In This Article Communication and NGOs

  • Introduction
  • General Overviews
  • Overviews by Region
  • Journals
  • Issue Area Journals
  • Digital Resources
  • Theories of Civil Society
  • Influences on NGO Communication
  • NGO-Journalist Relations
  • Media Coverage of NGOs
  • Evaluations of NGO Communication

Communication Communication and NGOs
by
Matthew Powers
  • LAST MODIFIED: 30 August 2016
  • DOI: 10.1093/obo/9780199756841-0121

Introduction

The term “nongovernmental organization” (NGO) refers to groups that are nominally independent of government, voluntary in nature, and interested in the pursuit of a common good (e.g., human rights, gender equality, environmental protection). They can be found working at various levels (local, national, international) on a range of issues. Since the end of the Cold War, NGOs have become the dominant organizational form of civil society. In this position, they communicate to achieve a range of objectives: to boost awareness of important social issues, to lobby political and business actors to alter their behaviors, and to raise funds and promote their organizational brands. For communication scholars, the relationship between NGOs and communication is therefore important for understanding the organizational basis of activism, the degree to which the news media are open to advocacy messaging, and the role of new technologies in the production and distribution of advocacy materials. The purpose of this article is to overview the communication strategies that NGOs pursue and to situate these strategies within broader debates about the role of advocacy groups in politics. To do so, it reviews scholarship from a number of fields—including communication, political science, international relations, and sociology—in order to examine the ways these groups communicate, the various influences that shape these efforts, the degree to which they are successful in achieving their objectives, and the effects of their efforts on activism and media, respectively. Given the diversity of the NGO sector, the sections include readings on a variety of topics and from a number of geographic regions.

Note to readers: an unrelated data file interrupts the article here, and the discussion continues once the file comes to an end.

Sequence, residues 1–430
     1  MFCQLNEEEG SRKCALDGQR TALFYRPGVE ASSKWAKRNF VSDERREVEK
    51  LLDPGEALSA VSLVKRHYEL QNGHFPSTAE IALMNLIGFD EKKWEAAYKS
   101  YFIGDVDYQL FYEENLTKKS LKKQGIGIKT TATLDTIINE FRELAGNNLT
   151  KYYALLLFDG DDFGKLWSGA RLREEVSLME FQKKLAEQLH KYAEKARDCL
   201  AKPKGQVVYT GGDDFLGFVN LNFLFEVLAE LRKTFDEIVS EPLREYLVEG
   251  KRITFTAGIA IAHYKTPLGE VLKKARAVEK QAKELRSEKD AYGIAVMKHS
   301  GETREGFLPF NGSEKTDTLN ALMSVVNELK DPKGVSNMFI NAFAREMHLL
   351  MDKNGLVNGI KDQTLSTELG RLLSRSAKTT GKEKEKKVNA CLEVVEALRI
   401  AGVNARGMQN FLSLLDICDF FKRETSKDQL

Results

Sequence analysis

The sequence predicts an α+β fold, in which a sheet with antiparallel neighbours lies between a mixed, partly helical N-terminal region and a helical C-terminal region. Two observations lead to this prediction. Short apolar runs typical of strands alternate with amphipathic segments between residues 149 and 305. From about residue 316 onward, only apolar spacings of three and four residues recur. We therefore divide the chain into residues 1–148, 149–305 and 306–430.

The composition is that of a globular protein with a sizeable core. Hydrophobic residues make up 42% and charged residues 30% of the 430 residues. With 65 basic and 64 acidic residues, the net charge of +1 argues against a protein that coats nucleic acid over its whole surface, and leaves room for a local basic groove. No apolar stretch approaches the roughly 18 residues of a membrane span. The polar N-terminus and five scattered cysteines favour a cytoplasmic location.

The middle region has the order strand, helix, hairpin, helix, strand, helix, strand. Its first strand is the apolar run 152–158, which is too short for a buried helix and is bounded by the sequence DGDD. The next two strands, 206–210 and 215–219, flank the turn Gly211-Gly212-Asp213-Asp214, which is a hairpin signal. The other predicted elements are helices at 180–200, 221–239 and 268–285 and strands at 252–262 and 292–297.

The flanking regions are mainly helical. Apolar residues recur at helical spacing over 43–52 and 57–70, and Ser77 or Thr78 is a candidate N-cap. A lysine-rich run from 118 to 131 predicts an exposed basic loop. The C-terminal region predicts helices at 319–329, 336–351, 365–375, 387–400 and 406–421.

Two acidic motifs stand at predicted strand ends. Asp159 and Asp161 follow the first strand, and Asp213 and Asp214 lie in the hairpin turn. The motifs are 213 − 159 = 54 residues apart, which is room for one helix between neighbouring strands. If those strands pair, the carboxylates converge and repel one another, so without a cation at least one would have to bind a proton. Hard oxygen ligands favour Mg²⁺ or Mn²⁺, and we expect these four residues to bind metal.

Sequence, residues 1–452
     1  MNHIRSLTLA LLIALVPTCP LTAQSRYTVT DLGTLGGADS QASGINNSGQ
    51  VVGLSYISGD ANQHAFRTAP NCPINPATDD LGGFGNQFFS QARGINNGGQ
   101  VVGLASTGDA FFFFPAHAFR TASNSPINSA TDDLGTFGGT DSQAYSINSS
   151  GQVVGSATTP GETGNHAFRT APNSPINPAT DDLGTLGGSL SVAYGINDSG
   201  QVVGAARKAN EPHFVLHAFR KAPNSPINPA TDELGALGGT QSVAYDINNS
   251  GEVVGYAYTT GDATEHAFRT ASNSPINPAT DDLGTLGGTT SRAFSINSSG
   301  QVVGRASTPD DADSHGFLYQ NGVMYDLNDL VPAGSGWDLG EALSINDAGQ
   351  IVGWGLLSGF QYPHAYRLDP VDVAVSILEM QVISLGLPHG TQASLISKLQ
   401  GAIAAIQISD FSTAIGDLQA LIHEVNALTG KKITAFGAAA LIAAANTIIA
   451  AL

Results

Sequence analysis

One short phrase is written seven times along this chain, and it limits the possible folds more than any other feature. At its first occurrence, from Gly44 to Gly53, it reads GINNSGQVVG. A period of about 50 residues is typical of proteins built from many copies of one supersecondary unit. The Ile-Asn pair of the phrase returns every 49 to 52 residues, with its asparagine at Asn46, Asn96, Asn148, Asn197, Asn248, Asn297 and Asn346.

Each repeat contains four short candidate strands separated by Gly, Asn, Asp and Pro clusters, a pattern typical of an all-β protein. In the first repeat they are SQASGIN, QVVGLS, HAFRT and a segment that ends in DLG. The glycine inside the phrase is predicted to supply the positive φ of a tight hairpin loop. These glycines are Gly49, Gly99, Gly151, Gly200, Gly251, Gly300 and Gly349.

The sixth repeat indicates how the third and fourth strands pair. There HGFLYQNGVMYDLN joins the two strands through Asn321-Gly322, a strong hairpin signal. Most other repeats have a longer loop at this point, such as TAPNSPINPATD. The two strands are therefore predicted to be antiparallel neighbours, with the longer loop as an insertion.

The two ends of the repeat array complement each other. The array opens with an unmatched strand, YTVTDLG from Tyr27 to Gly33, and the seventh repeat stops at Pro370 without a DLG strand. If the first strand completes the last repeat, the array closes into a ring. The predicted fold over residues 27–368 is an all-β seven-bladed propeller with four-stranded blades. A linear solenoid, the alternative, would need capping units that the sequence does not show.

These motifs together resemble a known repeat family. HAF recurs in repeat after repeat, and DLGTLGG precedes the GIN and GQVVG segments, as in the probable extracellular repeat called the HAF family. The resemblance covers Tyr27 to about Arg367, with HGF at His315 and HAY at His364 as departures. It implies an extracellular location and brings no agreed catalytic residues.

General Overviews

Several volumes provide useful historical and substantive overviews on the study of NGOs. White 1951 offers the earliest—and, to-date, most comprehensive—history of these groups. Willetts 2011 examines the different activities in which NGOs engage, as well as the impact they have on world politics. In contemporary scholarship, the key reference is Keck and Sikkink 1998, which situates NGOs as the communicative backbone of “transnational advocacy networks.” Florini 2000 emphasizes the importance of NGOs as “norm setters.” For a more skeptical view, see DeMars 2005, which argues that NGOs often fail to live up to their stated aims. Hilhorst 2003 provides an overview of the discursive strategies advocacy groups employ and finds a regular gap between stated aims and outcomes. Davies 2014 situates NGO development within globalization processes. Yanacopulos 2015 describes recent transformations in the field and suggests they have led to communicative emphases on fundraising, branding, and marketing. The key quantitative overview of the field can be found in Blodgood 2011. Finally, Lang 2013 delineates the similarities and differences between the concepts of NGO, civil society, and public sphere.

  • Blodgood, Elisabeth. 2011. The Yearbook of International Organizations and quantitative non-state actor research. In The Ashgate research companion to non-state actors. Edited by Bob Reinalda, 19–34. Farnham, UK: Ashgate.

    E-mail Citation »

    Reviews the available data—drawing primarily on the Yearbook of International Organizations—on the size and scope of the NGO field. The author also discusses the strengths and limitations of the available data sources.